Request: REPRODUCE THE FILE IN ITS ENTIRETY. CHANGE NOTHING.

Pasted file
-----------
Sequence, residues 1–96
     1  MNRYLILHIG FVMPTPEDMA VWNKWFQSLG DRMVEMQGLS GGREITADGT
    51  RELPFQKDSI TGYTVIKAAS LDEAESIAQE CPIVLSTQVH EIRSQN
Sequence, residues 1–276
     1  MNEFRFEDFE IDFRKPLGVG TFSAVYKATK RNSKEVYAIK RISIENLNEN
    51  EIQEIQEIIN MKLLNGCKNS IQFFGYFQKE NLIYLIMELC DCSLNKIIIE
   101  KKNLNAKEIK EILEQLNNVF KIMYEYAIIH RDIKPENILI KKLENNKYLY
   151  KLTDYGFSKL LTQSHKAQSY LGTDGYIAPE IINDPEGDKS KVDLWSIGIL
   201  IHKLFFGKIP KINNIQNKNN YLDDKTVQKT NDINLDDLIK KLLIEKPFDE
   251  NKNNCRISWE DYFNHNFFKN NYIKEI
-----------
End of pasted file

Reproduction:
Sequence, residues 1–96
     1  MNRYLILHIG FVMPTPEDMA VWNKWFQSLG DRMVEMQGLS GGREITADGT
    51  RELPFQKDSI TGYTVIKAAS LDEAESIAQE CPIVLSTQVH EIRSQN
Sequence, residues 1–276
     1  MNEFRFEDFE IDFRKPLGVG TFSAVYKATK RNSKEVYAIK RISIENLNEN
    51  EIQEIQEIIN MKLLNGCKNS IQFFGYFQKE NLIYLIMELC DCSLNKIIIE
   101  KKNLNAKEIK EILEQLNNVF KIMYEYAIIH RDIKPENILI KKLENNKYLY
   151  KLTDYGFSKL LTQSHKAQSY LGTDGYIAPE IINDPEGDKS KVDLWSIGIL
   201  IHKLFFGKIP KINNIQNKNN YLDDKTVQKT NDINLDDLIK KLLIEKPFDE
   251  NKNNCRISWE DYFNHNFFKN NYIKEI